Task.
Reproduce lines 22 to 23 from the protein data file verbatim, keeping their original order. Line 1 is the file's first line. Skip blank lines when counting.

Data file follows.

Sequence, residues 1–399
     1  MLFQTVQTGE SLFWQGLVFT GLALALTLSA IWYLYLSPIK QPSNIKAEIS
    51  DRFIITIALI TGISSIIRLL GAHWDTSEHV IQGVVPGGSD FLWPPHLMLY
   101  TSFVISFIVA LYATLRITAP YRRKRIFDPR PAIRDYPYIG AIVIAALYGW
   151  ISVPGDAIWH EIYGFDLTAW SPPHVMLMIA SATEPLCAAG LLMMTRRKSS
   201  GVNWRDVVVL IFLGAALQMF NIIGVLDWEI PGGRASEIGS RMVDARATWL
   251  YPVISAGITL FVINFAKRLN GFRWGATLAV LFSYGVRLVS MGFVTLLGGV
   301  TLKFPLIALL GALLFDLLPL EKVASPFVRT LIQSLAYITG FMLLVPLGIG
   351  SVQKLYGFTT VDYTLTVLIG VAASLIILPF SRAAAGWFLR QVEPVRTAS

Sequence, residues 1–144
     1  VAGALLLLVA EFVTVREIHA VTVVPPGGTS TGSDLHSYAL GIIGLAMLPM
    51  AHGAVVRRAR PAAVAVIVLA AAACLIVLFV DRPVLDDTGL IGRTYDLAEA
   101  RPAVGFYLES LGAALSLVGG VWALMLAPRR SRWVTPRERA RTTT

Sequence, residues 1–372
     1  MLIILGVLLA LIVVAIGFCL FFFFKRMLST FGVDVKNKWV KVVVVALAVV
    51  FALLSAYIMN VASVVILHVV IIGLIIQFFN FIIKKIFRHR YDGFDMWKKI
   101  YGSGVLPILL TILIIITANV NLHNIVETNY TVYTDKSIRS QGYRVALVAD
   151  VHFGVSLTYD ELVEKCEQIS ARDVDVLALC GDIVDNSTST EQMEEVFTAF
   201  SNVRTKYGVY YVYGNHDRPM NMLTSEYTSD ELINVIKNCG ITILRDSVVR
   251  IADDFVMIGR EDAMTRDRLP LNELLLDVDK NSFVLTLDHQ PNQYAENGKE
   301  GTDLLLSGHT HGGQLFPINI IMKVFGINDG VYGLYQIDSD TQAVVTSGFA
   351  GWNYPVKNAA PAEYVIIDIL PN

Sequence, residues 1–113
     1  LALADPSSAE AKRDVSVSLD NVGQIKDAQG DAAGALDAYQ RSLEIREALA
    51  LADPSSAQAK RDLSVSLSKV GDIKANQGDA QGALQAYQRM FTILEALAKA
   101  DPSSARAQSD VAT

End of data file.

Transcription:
   351  GWNYPVKNAA PAEYVIIDIL PN

Sequence, residues 1–113